Success Story: From Refugee to

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Layali

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In 2015, Layali Jafaar came to Germany from Iraq with her teenage son. To this day, she speaks little about her escape. In Iraq, Layali was a self-employed entrepreneur with a catering company. She says she learned to cook from her father, who was in the industry.

 

Upon arriving in Berlin, she experienced for the first time in her life a separation from her husband, who was persecuted as an opponent of the regime in Iraq and hid with friends for a year and a half. How Germany works, the scale of Berlin—all of this was new territory for Layali upon her arrival. She had to go through the registration process, lived in emergency accommodation until suitable housing was found, and learned an entirely new language. At least she was able to communicate thanks to her knowledge of English.

In July 2018, Layali began an internship at the restaurant Kreuzberger Himmel. After just three months, it was clear: Layali would stay. After another five months, she received an employment contract as head chef. Her son attended school and graduated with a secondary school diploma. He began training as a dental hygienist, which he has since successfully completed.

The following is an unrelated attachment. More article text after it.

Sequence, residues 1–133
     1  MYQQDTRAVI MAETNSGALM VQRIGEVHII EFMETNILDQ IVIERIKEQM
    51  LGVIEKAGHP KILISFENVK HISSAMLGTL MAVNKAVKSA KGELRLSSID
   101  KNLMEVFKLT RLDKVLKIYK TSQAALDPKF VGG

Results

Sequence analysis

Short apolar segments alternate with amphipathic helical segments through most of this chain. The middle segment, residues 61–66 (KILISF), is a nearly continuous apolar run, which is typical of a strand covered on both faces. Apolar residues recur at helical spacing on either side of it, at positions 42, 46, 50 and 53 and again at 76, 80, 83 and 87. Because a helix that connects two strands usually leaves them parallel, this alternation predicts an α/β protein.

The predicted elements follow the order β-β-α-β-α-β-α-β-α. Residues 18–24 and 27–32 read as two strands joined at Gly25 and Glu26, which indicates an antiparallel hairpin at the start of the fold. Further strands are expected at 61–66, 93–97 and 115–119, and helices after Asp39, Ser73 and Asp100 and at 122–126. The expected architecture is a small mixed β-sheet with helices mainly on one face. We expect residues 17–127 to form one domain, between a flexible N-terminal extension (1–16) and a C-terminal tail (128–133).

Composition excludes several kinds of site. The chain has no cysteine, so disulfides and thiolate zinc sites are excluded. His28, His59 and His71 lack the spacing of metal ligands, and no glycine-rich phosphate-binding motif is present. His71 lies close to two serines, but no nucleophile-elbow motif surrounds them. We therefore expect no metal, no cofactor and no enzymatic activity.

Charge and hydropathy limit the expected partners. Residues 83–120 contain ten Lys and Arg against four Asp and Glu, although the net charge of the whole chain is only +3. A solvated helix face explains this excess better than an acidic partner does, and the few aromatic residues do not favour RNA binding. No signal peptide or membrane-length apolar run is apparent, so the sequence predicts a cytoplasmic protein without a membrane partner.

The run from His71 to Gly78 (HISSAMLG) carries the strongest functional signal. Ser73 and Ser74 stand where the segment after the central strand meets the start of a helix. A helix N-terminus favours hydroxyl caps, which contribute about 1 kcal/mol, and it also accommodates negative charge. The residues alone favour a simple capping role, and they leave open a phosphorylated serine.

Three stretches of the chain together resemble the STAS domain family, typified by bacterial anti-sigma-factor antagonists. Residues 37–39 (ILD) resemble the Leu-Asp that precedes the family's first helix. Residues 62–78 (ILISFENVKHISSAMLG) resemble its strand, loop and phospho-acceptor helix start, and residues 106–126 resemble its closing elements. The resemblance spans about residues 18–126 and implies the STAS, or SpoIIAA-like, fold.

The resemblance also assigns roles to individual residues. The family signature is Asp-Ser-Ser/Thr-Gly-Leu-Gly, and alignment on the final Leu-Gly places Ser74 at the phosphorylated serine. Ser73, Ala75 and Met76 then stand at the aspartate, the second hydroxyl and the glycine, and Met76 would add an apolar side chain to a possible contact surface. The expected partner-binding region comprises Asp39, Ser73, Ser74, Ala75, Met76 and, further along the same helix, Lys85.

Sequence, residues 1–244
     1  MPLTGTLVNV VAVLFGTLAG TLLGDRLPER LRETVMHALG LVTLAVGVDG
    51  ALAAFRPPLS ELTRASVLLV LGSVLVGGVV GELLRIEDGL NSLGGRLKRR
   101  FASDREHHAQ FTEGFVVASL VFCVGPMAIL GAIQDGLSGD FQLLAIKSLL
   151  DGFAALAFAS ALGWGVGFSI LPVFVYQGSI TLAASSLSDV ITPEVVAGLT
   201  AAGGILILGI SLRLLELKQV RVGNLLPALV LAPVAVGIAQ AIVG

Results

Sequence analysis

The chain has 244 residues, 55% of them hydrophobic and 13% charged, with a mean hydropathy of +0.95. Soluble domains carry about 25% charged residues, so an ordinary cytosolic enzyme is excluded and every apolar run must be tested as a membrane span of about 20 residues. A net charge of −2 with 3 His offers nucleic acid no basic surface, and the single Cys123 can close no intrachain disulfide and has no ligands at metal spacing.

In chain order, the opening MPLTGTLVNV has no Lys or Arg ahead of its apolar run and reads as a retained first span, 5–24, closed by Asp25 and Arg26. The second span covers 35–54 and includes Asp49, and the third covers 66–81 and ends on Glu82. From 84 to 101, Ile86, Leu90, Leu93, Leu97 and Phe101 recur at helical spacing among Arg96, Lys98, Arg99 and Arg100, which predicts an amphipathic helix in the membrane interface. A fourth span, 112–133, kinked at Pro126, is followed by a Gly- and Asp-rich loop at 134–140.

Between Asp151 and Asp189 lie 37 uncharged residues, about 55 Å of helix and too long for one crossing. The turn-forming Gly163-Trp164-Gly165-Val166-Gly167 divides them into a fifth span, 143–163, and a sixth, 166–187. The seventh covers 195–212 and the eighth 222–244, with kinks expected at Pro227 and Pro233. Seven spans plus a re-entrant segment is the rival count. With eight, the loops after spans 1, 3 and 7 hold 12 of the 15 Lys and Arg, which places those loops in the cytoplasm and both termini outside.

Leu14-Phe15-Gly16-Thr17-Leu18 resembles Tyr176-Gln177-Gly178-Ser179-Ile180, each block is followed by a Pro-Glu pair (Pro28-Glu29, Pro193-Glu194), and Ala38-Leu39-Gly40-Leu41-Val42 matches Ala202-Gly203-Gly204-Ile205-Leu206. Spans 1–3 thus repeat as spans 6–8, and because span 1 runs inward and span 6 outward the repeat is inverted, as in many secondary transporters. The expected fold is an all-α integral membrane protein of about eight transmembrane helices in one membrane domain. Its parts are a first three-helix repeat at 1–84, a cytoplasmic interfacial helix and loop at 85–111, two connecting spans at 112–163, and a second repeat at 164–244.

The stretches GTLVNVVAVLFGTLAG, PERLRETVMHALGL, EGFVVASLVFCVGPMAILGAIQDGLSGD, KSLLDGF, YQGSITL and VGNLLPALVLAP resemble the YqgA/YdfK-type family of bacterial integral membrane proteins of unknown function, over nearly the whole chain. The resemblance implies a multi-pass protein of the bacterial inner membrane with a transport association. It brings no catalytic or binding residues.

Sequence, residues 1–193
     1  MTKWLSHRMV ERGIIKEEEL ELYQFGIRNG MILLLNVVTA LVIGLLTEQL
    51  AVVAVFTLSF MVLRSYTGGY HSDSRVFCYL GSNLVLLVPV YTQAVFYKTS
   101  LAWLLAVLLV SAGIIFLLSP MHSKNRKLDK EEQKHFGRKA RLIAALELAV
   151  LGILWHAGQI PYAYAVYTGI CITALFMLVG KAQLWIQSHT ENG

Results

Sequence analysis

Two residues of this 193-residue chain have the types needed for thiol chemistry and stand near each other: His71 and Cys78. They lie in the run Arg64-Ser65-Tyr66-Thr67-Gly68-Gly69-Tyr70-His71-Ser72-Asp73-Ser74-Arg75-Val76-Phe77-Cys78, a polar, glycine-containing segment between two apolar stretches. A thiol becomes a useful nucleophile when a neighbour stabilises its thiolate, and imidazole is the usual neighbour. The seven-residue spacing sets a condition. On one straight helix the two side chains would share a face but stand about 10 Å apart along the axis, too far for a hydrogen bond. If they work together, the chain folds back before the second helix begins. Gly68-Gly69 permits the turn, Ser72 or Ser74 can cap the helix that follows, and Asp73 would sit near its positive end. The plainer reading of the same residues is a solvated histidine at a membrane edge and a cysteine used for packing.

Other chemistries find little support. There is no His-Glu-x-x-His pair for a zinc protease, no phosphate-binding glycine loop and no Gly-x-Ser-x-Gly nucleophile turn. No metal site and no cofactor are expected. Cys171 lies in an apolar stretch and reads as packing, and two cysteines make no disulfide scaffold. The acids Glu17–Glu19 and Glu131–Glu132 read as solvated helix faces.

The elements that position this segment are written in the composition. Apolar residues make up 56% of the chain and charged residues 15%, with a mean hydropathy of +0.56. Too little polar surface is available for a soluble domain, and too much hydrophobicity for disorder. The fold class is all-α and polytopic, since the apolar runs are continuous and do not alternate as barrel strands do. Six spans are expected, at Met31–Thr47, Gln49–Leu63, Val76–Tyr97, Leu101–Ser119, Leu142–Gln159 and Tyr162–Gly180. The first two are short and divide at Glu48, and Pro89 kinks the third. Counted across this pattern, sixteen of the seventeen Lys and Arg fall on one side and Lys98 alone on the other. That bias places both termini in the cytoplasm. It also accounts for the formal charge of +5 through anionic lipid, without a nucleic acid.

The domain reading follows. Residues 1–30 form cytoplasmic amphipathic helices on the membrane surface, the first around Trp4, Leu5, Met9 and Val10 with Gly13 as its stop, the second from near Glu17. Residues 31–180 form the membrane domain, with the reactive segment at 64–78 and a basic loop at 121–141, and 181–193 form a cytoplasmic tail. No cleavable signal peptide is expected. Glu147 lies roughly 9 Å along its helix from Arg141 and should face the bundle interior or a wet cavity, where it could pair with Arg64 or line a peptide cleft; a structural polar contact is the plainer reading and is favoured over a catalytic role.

Another milestone: her husband also managed to reach Berlin after an adventurous journey. Kreuzberger Himmel, which opened in 2018, had to close during the coronavirus pandemic. Thanks to Layali’s initiative, the team decided to cook meals for the homeless. “The people who live on the streets can’t collect bottles or receive donations. We have to do something,” she said at the time. What started as a small project eventually became a meal supply service providing 73,000 meals, thanks to funding from the Berlin Senate.

The reopening in 2021 posed the challenge for Layali of attracting guests again. She wrote a cookbook, which came out in 2022 and was celebrated in the press. That helped. “I didn’t want to get too fancy with the recipes. They are all easy to implement and take away the fear of Arabic cuisine and its exotic ingredients for hobby cooks,” she says. Thanks to her culinary skills, Kreuzberger Himmel is also a regular caterer at the Federal Chancellery.

Layali is a devout Muslim, wears a hijab, and prays regularly. The fact that one of her two bosses is Jewish does not matter to her. On the contrary, she has inquired multiple times about the prayer practices of Jewish people. Layali’s story is not only a success story of economic integration but also symbolizes what most of us wish for: coexistence and tolerance.

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